Musorgsky's extremist realism was something that eventually had to be recoiled from because of its literalistic concept of truth—truth to empirical experience, to the conditions of daily life, without possibility of compromise. Art, the composer learned, lives in the compromise. It trades not in verbatim transcripts of existence but in metaphors. The Russian composer who understood this best was Chaikovsky. In Eugene Onegin, an opera based, like Boris Godunov, on a work by Pushkin, Chaikovsky created the other great monument of Russian realism in music.
- Citation (MLA):
- Richard Taruskin. "Chapter 12 Cutting Things Down to Size." The Oxford History of Western Music. Oxford University Press. New York, USA. n.d. Web. 8 Mar. 2014. <http://www.oxfordwesternmusic.com/view/Volume3/actrade-9780195384833-div1-012005.xml>.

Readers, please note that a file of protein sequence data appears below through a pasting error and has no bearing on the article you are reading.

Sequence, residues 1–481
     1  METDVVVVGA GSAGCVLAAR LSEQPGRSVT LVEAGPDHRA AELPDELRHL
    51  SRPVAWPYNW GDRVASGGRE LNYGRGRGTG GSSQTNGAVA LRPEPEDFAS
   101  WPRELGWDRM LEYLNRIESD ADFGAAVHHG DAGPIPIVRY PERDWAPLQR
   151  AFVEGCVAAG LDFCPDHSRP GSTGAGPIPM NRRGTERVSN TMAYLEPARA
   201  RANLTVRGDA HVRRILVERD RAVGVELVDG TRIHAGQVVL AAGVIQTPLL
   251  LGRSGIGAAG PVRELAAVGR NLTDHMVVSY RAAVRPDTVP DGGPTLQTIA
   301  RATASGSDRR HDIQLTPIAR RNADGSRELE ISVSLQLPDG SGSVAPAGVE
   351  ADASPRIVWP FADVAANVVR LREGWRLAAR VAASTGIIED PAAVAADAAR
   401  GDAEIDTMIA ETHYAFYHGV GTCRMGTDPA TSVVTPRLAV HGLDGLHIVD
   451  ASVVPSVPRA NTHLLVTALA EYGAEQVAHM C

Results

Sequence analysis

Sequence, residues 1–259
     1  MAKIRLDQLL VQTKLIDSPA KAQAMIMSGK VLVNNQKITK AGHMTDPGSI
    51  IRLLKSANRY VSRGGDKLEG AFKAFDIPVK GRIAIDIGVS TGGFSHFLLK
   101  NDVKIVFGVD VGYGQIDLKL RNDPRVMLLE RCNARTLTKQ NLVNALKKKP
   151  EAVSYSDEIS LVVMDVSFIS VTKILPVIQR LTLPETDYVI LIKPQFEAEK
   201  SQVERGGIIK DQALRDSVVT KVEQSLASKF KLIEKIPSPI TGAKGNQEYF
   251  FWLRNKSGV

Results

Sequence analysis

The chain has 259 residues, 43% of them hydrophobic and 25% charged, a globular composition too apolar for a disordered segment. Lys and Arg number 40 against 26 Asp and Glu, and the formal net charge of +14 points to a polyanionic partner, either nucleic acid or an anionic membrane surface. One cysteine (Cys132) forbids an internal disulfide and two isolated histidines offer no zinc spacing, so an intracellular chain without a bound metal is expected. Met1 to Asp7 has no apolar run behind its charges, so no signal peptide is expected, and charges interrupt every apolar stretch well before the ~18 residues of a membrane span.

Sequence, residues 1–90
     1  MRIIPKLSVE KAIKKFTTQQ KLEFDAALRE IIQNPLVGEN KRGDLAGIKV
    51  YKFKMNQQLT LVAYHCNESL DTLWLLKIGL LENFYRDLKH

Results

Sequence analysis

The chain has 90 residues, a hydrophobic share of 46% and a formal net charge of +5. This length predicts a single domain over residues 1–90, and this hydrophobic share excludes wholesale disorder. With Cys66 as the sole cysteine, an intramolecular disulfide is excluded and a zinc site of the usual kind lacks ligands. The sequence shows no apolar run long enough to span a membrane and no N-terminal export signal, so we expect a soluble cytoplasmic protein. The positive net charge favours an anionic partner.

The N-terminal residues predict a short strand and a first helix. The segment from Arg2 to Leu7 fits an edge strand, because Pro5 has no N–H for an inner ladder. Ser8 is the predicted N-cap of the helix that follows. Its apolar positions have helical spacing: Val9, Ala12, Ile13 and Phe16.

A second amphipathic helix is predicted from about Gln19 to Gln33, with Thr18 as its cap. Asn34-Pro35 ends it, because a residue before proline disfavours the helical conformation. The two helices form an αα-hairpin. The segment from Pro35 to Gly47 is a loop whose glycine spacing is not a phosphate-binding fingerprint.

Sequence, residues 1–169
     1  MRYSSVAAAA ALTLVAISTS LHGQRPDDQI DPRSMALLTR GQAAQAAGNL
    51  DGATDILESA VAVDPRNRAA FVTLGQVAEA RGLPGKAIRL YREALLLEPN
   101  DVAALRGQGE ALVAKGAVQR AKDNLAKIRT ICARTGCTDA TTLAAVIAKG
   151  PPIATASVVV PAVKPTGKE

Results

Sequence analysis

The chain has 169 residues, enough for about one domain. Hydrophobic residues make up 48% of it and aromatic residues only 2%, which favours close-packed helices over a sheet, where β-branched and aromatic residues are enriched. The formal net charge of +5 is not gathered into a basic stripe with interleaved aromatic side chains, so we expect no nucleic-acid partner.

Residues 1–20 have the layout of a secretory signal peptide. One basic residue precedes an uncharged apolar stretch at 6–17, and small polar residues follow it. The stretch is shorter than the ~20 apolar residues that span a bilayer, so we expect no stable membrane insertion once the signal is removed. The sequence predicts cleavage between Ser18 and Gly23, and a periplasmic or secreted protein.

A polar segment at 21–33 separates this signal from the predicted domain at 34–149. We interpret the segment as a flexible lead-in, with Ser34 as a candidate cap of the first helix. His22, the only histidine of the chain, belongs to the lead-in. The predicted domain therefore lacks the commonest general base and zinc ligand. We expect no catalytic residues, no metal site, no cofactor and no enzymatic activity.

- Citation (APA):
- Taruskin, R. (n.d.). Chapter 12 Cutting Things Down to Size. In Oxford University Press, Music in the Nineteenth Century. New York, USA. Retrieved 8 Mar. 2014, from http://www.oxfordwesternmusic.com/view/Volume3/actrade-9780195384833-div1-012005.xml
- Citation (Chicago):
- Richard Taruskin. "Chapter 12 Cutting Things Down to Size." In Music in the Nineteenth Century, Oxford University Press. (New York, USA, n.d.). Retrieved 8 Mar. 2014, from http://www.oxfordwesternmusic.com/view/Volume3/actrade-9780195384833-div1-012005.xml